Cat Simulators at WPCC’s Construction Rodeo Trades Competition
Recently more than 100 students from 10 local high schools had the opportunity to experience the college’s two simulators at the WPCC’s Construction Rodeo Trades Competition. “A few years ago, we realized one of the many challenges to attracting students to the construction industry is that students don’t get excited about working in the trades, so we decided to make it very much like a sports event where the different schools come together and have fun competition,” said Daniels who organized the rodeo. “The students spend the day competing for prizes at various stations that align with what the schools are teaching like carpentry and plumbing.”
The simulators were one of 10 stations that students could visit and try their hand at during the day-long rodeo. “The Cat Simulators were a big hit,” said Daniels. “The students were able to spend time on each simulator and experience what operating the equipment is like.”
WPCC Construction Rodeo Trades Competition.
Daniels explained the college also invites local industry partners such as contractors and plumbing businesses as well as companies like Lowe’s and DeWalt to be part of the Construction Rodeo. He continued, “They set up booths to meet and talk with the students. And in some cases, they literally interview the students and make job offers that day. The best students get direct leads that can lead to employment almost immediately.”
“We also offer Work-based Learning which is a formal class that’s customized by the student, employer and college,” explained Daniels. “They all agree on what the student will do during their time on the job. The best-case scenario is that the student really likes the employer, and the employer likes the student which leads to full time employment.”
Daniels added, “We try to prepare students for real-life jobs by integrating soft skills into the Work-based Learning like arriving on time, working as a team player and going the extra mile so the students will be successful.”
“We try to prepare students for real-life jobs by integrating soft skills into the Work-based Learning like arriving on time, working as a team player and going the extra mile so the students will be successful.”
-Michael Daniels, WPCC Dean of Applied Technologies
Preparing Students for Construction Industry Jobs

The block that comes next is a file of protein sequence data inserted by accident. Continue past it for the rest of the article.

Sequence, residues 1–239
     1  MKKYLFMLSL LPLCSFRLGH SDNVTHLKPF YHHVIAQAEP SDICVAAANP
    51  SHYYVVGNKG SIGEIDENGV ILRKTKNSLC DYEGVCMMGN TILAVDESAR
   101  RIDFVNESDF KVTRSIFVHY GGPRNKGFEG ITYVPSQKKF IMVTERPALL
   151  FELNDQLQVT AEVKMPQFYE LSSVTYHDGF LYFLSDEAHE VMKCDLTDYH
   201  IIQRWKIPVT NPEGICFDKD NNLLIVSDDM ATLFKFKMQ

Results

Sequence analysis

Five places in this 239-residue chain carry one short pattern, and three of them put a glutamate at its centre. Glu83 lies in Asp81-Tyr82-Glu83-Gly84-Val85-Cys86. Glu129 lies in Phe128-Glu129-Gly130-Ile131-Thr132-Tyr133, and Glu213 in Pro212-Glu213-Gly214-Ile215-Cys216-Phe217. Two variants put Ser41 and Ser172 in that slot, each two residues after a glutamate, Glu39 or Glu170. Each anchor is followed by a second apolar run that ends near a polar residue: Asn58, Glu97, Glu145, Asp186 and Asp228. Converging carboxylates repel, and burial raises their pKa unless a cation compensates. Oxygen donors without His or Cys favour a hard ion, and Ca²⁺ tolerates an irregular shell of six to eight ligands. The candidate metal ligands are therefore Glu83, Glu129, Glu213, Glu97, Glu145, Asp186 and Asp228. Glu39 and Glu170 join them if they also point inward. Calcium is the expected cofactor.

The Construction Rodeo is just one of several ways WPCC promotes its HEO program. The college recently held a four-day HEO Simulator Academy where students learned hands-on about the medium hydraulic excavator, its controls and how to operate it safely. On the final day, students had the opportunity to use their new skills and knowledge to operate a real mini excavator.
“I explain to my students that the simulator’s purpose is to get them familiar with the controls and for them to get some experience operating heavy equipment virtually.” He continued, ”At first getting on the simulator is a little intimidating for the students. I have to coax them into sitting in the seat and explain they’re not going to get hurt or hurt anything. They’re not going to tear anything up or crash it. Then they get more comfortable and start learning.”
To date, 20 students have completed WPCC’s HEO course and five are currently learning how to operate the hydraulic excavator. “The simulators are very user-friendly,” said Adams. “Spending time on the simulators and completing the exercises really teaches the students and prepares them to operate heavy equipment. It’s a win-win for everyone.”
WPCC Skilled Trades Solution Center
In April 2021, through the North Carolina Community-Based Grants Initiative, the Golden LEAF Board of Directors awarded WPCC $1.5 million to construct the Skilled Trades Solution Center to train students skilled trades to meet the projected demand of more than 3,700 positions over the next five years.
The 30,000-square-foot facility will sit in the front of the beautiful, rolling, countryside campus with mountains in the background and will address the regional shortage of skilled trades workers, explained Daniels. “It will support the training needs of students from the surrounding counties in construction, plumbing, electrical, heating and air conditioning and heavy equipment.”
The Skilled Trades Solution Center building is scheduled to be completed by early summer 2023 with students in the new facility by fall 2023.